Already juggling an iPhone and a Blackberry, the female in all black receives a radio message over her headset and quickly leaves Hell. The world around her slowly shifts as her black sandals, masking teal-colored toenails, step into the light and hit the uneven bricked pathway. Eyes dart in her direction. Conversations freeze in mid-sentence. Necks crane as she walks by. She hurries to the front, smiles warmly, and embraces the gentlemen who had been waiting for her.
“Have you checked in?” she asks. There seems to be a bit of confusion amongst the men. She sees their frustration and politely interjects, “The artists table is right over there. You just want to check in with them and they’ll give you a pass. I’ll see you inside, okay?” As she leaves, on-lookers eye her every step. "Yo, man, that's Fadia," someone whispers.
The 2010 A3C Hip Hop Festival is the place to be if you are doing anything in hip-hop, aspiring to do anything in hip-hop, or just want to be seen among the latter two. Homemade CDs, fliers, and business cards are handed out like last year’s Halloween candy. It’s hard to decipher by the wrappers which will give your ears a sour taste, and reassurances like, “I was the underdog, but see, now we’re setting the streets on fire; you need to give it a listen,” hardly help.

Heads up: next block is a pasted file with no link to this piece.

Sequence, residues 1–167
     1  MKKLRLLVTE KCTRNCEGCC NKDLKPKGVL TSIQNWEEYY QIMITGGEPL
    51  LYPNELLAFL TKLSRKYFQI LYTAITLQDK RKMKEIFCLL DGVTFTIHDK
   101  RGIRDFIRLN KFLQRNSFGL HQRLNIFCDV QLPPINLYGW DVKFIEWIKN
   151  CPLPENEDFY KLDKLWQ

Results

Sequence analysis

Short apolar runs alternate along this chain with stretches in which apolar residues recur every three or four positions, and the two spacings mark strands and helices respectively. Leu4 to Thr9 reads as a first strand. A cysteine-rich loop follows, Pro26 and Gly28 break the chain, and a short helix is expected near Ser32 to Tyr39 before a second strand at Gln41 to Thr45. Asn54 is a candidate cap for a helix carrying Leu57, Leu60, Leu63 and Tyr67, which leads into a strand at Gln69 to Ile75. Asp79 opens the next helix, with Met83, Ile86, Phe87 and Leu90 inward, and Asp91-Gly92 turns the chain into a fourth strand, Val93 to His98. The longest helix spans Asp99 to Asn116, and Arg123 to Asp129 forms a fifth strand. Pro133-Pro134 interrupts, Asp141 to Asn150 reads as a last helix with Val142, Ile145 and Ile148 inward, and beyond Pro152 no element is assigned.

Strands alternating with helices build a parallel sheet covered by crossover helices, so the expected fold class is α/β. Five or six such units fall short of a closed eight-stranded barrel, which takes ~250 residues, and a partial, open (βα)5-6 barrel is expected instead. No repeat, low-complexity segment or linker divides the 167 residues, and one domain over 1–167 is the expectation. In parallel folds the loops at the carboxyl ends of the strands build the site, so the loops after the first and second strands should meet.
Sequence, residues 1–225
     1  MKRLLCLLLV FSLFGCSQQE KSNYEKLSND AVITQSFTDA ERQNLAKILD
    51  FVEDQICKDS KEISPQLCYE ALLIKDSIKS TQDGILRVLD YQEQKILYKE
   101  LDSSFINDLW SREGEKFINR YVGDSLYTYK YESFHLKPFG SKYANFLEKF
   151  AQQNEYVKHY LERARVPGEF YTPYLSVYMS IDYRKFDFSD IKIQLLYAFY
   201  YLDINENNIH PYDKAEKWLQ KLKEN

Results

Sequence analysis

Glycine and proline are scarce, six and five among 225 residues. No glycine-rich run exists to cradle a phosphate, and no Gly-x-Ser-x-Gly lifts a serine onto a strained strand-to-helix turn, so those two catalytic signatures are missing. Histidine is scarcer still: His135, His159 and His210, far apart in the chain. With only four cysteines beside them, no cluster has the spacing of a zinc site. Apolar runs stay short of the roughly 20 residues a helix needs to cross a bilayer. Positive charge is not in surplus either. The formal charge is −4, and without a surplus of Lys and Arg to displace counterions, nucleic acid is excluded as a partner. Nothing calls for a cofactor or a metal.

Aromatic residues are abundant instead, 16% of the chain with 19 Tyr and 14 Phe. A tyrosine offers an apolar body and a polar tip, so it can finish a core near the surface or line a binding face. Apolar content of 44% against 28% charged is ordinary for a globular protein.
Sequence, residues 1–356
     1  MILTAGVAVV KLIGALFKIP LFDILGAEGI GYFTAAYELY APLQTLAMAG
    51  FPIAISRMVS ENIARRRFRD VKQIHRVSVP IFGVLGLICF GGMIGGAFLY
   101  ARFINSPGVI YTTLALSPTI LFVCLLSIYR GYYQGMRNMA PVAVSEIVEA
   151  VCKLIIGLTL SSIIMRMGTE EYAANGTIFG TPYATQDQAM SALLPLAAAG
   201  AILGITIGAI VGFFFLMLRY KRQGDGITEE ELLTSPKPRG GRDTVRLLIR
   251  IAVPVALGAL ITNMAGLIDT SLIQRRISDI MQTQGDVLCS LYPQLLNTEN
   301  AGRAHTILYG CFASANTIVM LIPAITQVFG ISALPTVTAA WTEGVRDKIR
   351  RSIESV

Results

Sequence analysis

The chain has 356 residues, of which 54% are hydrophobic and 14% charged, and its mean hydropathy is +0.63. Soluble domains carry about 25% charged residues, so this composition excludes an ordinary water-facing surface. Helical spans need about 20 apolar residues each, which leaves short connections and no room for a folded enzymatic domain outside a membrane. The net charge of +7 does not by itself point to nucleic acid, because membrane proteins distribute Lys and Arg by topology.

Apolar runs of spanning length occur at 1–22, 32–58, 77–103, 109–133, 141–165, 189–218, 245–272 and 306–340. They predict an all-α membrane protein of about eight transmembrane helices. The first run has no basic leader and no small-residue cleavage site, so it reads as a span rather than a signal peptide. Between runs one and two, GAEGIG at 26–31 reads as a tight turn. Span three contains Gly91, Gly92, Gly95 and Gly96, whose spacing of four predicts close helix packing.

It's the first day of the festival and the grounds of the Masquerade are filled with a rainbow of different sneakers ranging from beat up, classic black and white Chucks to futuristic eggplant Nike Foamposites. Posted all around the grounds are tents with artist merchandise, a wall dedicated to personal graffiti, even the Marines have set up camp to search for new recruits. If you are not about self-promotion, this is the wrong place to be.
There is a buzz surrounding the artists performing on this year's Perfect Attendance stage. It's not simply due to the amount of talent, but also the ringleader assembling them. Fadia's intuition was spot-on with last year's roster, which included sets from Yelawolf, Donnis, Curren$y and Pill, who've all become some of this year's most sought-after MCs. The audience knows that Fadia can deliver, and many have come to see if she can do it two years in a row.
Hot off the release of The Appeal: Georgia's Most Wanted, Gucci sits down with Spin to give an extended interview about his life and music. Well, sort of. After the reporter starts asking him about various probation violations and whether or not his newly de-grilled teeth are fake - seriously - Gooch decides to get up and walk away. (No big deal; he does stuff like that.) The incident - and Gucci's subsequent refusal to pose for pictures to accompany the feature - inspires the writer to label the rapper "his own worst enemy." He also insinuates that Gooch's career has been hindered by his reluctance to conform to the norm. Really? While there's no question that Radric Davis does what the fuck he wants, I doubt anyone could seriously argue that it's hurt his album sales. (One might rightfully posit that in fact, the opposite is true.)
Despite the spurned reporter's semi-catty tone, and his tenuous grasp on Gucci's psyche (and, arguably, on southern hip-hop in general), it's a relatively revealing article, and worth a read. Though now I really want to hear the two Pharrell-produced tracks that didn't make The Appeal. "Haterade" is fine and dandy, but the description of the cutting room shit has me quite curious.